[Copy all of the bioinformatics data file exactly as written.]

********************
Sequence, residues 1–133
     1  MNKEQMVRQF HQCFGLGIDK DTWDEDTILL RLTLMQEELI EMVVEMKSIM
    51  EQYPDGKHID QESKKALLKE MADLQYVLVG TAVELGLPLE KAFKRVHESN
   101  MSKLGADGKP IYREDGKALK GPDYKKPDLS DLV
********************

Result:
Sequence, residues 1–133
     1  MNKEQMVRQF HQCFGLGIDK DTWDEDTILL RLTLMQEELI EMVVEMKSIM
    51  EQYPDGKHID QESKKALLKE MADLQYVLVG TAVELGLPLE KAFKRVHESN
   101  MSKLGADGKP IYREDGKALK GPDYKKPDLS DLV